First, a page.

The build numbers for the utilities became skewed somewhere around 170 when I did an automated conflict resolution via SVN. The result was two different build-number versions becoming concatenated. So I just moved all three build numbers to 500+ and that was that.

Linux
Lars mentioned to me that he had some problems building /trunk under linux. Are there any other intrepid linux users out there that would be willing to try the latest DMD and Build against /trunk as it currently stands? I'm curious to see what the landscape looks like out there, and if there are any variables that I haven't accounted for in my own (minimal) Linux setup. Smile
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pragma



Joined: 28 May 2004
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PostPosted: Thu Apr 27, 2006 11:42 am    Post subject: Reply with quote

Kris, Lars, All
I moved that last conversation out to its own thread:

http://www.dsource.org/forums/viewtopic.php?t=1450

It also has a ticket for tracking the issue at hand:

http://www.dsource.org/projects/ddl/ticket/46#preview
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pragma



Joined: 28 May 2004
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PostPosted: Thu Apr 27, 2006 12:20 pm    Post subject: Milestone 1.0B Reply with quote

Status

The Milestone 1.0B is complete. There are still some outstanding bugs but the goals outlined for this step are done.

http://www.dsource.org/projects/ddl/milestone/Beta?201.1?20-?20Refactoring

This represents 19 tickets, two (minor) time overruns, a major redesign and a lot of API changes.

I would like to thank Lars and Kris for their support in testing and validation for helping make this possible. I would also like to thank the rest of the D community for their support for DDL both in concept and in deed.

What's Next?

http://www.dsource.org/projects/ddl/milestone/Beta?201.2?20-?20COFF?20and?20ELF?20support

The next milestone will be a two-part effort. Part one is to get the ELF loading portion of DDL online so we can meet the portability goals stated in the milestone. The second part, COFF loading, will be done in tandem, largely as a refactoring effort as it hasn't been touched since before the last milestone.

All the while, we will be accepting bug reports against 1.1B, and will be folding those fixes into the 1.1B milestone trunk. The downloadables will all freeze at the 1.0B mark while this is taking place.

Documentation

The docs are horribly stale, and will probably remain that way for a while longer. I'm looking into using a solution less reliant on external tools, such as Candydoc or a custom ddoc parser - my XML solution just seems too hackish to be very useful. Candydoc does a fine job, but it suffers from the same problems that standard ddoc does as it has no cross-referencing or diagrams.

As for custom parsing, I've been working on a parsring framework in the same vein as DGrammar called "Enki". I have a very crude prototype that digests EBNF (with annotations) and emits a parser frontend in D code (non table-based). I'm almost to the point of having the frontend 100? self-hosting.

Enki

I think that a tool like Enki may help with developing a custom ddoc processor, that can handle all the features we come to expect from toos like doxygen. I have no clue how much time it'll take to get working, but it should be cake once Enki matures a little bit more.

One oddity I did encounter while developing Enki, is my choice for a prototype code generator. Rather than use a table-based parser, I wanted each production to have its own method, which would in turn use other methods for the other BNF terms. I used a scheme of anonymous delegates and thrown exceptions (for failure) to tie the whole mess together. Despite how the code looks, it runs very fast - not at all what I expected. It also lends itself toward very readable code, which is a nice tradeoff for potential inefficencies if you ask me.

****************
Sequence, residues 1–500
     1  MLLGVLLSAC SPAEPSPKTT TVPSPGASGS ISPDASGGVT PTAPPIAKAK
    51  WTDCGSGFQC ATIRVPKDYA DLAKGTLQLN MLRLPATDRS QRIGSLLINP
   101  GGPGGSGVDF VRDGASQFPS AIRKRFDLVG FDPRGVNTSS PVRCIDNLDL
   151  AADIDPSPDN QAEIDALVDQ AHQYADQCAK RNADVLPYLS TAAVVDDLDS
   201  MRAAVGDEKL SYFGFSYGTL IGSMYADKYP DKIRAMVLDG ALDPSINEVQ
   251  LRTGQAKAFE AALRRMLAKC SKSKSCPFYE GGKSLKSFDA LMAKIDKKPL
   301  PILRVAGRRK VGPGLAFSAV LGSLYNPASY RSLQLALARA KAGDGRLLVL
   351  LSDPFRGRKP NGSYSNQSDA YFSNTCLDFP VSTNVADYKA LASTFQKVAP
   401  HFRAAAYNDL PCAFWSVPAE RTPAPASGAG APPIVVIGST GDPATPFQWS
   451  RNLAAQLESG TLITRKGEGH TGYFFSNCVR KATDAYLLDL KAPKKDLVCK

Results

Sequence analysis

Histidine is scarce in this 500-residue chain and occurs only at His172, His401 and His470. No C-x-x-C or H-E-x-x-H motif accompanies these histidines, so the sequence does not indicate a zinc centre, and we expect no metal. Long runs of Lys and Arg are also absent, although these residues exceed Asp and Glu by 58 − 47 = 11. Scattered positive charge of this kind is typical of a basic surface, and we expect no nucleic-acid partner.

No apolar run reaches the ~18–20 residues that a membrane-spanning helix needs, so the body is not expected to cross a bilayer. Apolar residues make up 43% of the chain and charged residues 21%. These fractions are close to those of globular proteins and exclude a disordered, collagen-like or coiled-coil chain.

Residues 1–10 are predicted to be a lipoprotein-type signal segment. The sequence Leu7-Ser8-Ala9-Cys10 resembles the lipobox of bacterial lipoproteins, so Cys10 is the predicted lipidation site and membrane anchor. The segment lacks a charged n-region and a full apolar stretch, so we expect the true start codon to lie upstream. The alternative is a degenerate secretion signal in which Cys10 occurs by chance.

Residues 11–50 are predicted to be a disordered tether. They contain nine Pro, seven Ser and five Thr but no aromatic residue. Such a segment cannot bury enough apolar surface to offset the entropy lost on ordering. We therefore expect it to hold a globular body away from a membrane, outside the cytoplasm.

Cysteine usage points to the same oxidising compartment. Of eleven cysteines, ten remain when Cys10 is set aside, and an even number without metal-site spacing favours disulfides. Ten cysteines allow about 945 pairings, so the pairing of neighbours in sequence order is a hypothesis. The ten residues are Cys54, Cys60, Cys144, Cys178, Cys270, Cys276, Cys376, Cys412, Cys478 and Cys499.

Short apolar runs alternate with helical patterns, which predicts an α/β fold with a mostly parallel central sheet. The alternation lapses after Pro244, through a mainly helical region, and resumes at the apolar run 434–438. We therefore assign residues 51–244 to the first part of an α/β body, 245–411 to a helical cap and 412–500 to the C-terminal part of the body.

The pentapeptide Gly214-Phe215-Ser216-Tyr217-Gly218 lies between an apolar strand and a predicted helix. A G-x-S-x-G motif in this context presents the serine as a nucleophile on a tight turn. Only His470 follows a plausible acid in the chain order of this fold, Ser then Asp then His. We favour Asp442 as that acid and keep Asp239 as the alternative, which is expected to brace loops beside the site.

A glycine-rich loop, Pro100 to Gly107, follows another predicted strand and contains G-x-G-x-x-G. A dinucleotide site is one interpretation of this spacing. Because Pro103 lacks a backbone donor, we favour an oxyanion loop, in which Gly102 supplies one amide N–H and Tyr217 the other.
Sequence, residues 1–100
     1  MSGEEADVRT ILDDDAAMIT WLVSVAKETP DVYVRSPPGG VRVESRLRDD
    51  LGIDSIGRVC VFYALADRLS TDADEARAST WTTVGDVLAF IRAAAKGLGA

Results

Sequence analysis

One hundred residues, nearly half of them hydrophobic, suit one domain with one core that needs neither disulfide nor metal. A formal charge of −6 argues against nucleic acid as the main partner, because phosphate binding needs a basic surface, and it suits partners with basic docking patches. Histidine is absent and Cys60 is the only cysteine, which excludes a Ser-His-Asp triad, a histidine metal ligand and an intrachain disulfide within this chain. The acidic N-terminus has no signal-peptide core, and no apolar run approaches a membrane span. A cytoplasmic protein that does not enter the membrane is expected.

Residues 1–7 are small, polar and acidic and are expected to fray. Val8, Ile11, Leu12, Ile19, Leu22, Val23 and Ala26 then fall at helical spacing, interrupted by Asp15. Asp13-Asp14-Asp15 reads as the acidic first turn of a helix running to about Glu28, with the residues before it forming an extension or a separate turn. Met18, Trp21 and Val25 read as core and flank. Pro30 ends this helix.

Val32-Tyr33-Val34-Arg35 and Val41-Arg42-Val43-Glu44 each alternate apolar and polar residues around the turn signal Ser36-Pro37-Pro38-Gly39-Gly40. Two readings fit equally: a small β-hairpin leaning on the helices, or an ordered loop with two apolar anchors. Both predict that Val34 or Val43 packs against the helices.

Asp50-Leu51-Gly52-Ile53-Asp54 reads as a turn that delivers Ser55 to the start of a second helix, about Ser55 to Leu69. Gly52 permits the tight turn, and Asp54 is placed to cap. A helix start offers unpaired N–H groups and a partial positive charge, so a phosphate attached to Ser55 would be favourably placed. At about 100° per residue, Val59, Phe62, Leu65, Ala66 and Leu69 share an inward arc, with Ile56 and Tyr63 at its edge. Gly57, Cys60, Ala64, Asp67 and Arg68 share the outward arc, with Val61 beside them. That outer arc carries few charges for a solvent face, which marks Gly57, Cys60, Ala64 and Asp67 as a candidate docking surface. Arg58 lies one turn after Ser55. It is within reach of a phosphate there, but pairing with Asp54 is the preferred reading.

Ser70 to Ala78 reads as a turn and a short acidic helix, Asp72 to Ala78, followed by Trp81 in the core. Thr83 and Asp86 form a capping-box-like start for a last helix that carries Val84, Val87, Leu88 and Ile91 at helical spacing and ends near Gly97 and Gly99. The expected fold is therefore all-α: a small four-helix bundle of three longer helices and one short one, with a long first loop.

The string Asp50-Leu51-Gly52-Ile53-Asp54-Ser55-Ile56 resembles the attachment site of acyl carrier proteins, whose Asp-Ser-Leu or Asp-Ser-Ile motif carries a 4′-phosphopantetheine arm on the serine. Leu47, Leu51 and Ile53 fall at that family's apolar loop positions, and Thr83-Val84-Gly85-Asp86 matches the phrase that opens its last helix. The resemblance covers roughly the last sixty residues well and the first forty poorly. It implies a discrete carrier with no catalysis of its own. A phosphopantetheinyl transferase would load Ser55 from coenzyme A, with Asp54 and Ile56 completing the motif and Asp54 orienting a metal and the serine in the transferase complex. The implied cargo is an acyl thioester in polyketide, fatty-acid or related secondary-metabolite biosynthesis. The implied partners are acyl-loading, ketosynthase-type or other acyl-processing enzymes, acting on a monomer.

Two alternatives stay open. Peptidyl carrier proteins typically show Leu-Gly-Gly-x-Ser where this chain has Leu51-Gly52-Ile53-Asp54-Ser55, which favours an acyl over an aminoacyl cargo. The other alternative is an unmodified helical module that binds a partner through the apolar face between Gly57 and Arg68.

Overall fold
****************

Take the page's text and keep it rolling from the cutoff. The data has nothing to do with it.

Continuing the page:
Anyway, I may stick with this scheme for a bit longer, and then move to a goto/return-bool (kind of like a stripped down if-else) style design to squeeze the last bit of performance out of the compiler. I haven't quite worked out the kinks for expressing the BNF parse tree as the latter, as its a more complex way of doing things.
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pragma



Joined: 28 May 2004
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PostPosted: Mon May 08, 2006 11:21 am    Post subject: Reply with quote

Status

I've pushed the coff code around a bit, to set the stage for refactoring. I've also been spending more time in Linux land lately, investigating the potentials of DDL in that environment as well as validating code. ELF bugfixes are still pending further work.

Linux

Its hard to say if its the nature of my machine's configuration, or DMD in general, but I'm still having the same segfault issues with ddlinfo when accessing phobos.lib. If its still the same old problem, then I may start looking into building a custom libphobos to help debug the problem.

Outside of that, I learned a few things about the drawbacks to to ld.so and the dynamic loading capabilities native to Linux. Basically, ld can be coerced into generating a proper map file that can be parsed as an in-situ module. In a perfect world, I'd like to interrogate ld.so at runtime to pull in that information, since its already a apart of the running binary - but that info *can* be removed via the "strip" command. Also, there seems to be no formal API to do this - and my timeline doesn't account for any kind of deep hacking like that. So this feature is looking like a post 1.0 thing at the earliest.

The other thing is that the map symbol info includes dependencies that are bound by ld.so at runtime. As these addresses are mapped in the executable's memory space, I'm pretty sure these are trampolines, but I have no way to identify them as such (yet, anyway). This could get very tricky.

The problem with getting the linker to generate a map file, is that DMD likes to use 'gcc' as the linker under Linux, and it doesn't handle the "-L" flag correctly for everything. Build 2.10 would seem like the right way to go on this, thanks to Derek breaking out the link step separately. However, last time I tried this version, it wouldn't behave as nicely as 2.09 did. I'll make another pass on this, so I can get things working correctly.